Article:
||Last Updated: Feb 6, 2017 - 2:32:04 PM
DCNS extends its range of Ocean Thermal Energy Conversion solutions
From 9 to 11 October, on the occasion of the Caribbean Renewable Energy Forum (CREF), taking place in Aruba (the Caribbean), DCNS will for the first time present its new on-shore Ocean Thermal Energy Conversion (OTEC) concept. This will allow DCNS to extend its range of solutions for OTEC, a base load source of marine renewable energy.
To produce electricity, OTEC uses the temperature difference between the cold water and the warm surface water in tropical seas. Up until now, the OTEC concept developed by DCNS consisted of a floating system positioned a few kilometres from the shore. The DCNS teams have now extended their offer by proposing a new on-shore system, located along the shoreline.
Aruba, which will this year host the CREF, is an island in the Caribbean, a zone that is extremely favourable for OTEC. This energy conversion system offers base load renewable energy, which is particularly well-suited to island sites.
DCNS has developed an on-shore plant concept able to produce 3 to 6 Megawatts of electricity. This new solution responds to the electricity needs of small networks or infrastructures such as companies or hotels. The renewable energy produced in this way can be delivered locally to these infrastructures or directly to the power grid. Furthermore, the system may be coupled with a SWAC (Sea-Water Air Conditioning) installation, ideal for serving the needs of a hotel complex, where the power needs are essentially attributable to air conditioning. Other related applications are also under development, in particular in the areas of freshwater production or aquaculture.
The research and development work conducted by DCNS over the last five years on a high-power, floating offshore OTEC solution has allowed the development of this new concept. Since 2011, DCNS has been operating a small-scale and land-based prototype on La Réunion Island, testing the energy production system for future OTEC plants. The test campaigns performed on this prototype system have led to the performance validation of DCNS’s OTEC power module, which can be used for both offshore and on-shore plants.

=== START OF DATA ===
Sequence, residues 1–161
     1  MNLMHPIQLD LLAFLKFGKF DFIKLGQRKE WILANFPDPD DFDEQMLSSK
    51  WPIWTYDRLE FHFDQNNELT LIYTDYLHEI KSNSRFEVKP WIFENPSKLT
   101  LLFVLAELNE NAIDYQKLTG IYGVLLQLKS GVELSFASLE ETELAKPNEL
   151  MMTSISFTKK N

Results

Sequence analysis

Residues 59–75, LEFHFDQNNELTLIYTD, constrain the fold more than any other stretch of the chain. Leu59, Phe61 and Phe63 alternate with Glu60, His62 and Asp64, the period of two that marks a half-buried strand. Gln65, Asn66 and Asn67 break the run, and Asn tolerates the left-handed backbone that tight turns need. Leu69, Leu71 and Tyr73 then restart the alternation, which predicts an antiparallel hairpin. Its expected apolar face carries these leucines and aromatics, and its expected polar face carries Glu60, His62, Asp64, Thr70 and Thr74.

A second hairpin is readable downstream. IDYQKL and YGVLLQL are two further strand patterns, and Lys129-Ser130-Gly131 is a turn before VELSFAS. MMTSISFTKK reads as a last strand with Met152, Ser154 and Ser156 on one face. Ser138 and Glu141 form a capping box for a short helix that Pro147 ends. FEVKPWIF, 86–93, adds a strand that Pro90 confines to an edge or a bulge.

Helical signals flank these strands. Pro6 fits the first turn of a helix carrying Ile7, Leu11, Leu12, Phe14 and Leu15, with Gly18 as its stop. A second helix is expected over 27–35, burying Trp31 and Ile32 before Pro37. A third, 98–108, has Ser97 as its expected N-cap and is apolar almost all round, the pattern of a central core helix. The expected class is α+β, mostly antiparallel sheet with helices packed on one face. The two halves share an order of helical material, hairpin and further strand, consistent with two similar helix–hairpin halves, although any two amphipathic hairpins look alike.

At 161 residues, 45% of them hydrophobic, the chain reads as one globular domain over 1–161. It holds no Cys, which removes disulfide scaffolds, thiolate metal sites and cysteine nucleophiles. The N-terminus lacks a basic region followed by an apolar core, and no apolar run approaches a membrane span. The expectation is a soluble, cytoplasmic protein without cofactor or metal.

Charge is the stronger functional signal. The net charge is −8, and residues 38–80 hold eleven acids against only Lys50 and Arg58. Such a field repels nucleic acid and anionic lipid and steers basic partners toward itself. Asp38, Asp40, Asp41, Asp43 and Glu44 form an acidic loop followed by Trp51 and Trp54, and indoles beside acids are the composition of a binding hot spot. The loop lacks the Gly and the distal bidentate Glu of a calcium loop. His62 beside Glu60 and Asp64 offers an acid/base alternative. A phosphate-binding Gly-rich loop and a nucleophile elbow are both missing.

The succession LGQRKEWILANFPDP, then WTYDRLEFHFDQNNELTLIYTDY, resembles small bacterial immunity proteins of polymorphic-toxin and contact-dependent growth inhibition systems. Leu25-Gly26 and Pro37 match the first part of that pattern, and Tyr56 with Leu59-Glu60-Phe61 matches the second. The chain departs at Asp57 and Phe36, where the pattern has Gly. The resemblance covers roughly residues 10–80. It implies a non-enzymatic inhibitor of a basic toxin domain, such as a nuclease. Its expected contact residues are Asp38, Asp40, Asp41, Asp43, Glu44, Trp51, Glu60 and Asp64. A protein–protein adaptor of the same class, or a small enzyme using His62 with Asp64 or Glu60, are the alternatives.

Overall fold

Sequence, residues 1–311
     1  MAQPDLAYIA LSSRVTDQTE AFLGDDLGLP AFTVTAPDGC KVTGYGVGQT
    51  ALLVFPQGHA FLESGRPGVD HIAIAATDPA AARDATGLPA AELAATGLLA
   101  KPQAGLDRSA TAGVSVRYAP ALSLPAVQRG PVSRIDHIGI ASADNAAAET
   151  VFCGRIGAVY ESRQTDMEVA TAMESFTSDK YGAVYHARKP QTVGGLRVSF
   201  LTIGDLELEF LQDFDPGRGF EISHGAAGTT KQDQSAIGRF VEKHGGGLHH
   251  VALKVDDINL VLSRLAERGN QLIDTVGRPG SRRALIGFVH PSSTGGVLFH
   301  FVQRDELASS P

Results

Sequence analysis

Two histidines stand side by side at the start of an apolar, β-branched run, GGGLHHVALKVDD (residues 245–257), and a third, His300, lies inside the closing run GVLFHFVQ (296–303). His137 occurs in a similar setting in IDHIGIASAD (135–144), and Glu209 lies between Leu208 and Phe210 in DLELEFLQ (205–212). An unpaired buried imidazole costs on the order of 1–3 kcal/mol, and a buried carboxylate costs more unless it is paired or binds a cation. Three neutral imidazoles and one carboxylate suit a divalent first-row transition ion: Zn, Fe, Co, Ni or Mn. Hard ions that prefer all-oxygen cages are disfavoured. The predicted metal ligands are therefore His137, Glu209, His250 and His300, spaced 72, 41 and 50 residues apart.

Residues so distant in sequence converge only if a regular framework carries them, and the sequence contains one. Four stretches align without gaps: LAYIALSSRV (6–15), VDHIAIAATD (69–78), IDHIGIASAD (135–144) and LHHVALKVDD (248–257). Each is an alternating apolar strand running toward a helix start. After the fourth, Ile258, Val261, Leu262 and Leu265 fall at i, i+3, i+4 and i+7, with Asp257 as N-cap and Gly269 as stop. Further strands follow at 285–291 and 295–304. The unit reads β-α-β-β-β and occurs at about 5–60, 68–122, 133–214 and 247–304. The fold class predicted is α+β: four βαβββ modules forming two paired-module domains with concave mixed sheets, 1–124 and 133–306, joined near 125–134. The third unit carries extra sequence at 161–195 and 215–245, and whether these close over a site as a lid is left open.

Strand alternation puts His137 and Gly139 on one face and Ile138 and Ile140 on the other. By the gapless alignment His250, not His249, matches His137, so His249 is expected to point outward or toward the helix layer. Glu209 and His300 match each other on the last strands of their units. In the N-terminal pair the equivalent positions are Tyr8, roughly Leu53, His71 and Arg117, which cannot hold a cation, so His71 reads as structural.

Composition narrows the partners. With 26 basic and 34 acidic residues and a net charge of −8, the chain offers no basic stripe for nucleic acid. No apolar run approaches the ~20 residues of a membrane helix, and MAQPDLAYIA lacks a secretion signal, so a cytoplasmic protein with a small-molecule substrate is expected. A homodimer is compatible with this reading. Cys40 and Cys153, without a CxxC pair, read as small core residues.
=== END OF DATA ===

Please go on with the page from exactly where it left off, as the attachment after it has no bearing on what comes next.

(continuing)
Furthermore, for an on-shore system, deep seawater pumping solutions are already possible, using existing large pipes, which means that DCNS will be in a position to make offers for turnkey, on-shore OTEC plants before the end of this year. These offers may be developed in partnership with leading players from the energy sector.
Reminder: The principle of ocean thermal energy conversion (OTEC) consists in exploiting the temperature difference between surface seawater, at about 25°C, and deep waters (–1000 m), at about 5°C. This difference in temperature exists naturally in tropical waters and allows the generation of electricity 24 hours a day, all year round.
DCNS : Sea the Future
DCNS believes that the sea is central to our planet’s future. The
Group is inventing high-tech solutions to sustainably secure and develop
its potential. DCNS is a world leader in naval defence and an innovative
player in energy. The Group’s success as an advanced technology company
with global reach is built on meeting the needs of its customers through
its exceptional know-how and unique industrial resources. DCNS designs,
builds and supports submarines and surface combatants. The Group proposes
services for naval shipyards and bases. It also develops solutions in
civil nuclear engineering and marine renewable energy. Committed to
sustainable development, DCNS was one of the first defence contractors
to achieve Group-wide certification to ISO 14001. The Group employs
13,200 people and generates annual revenues of €2.9 billion
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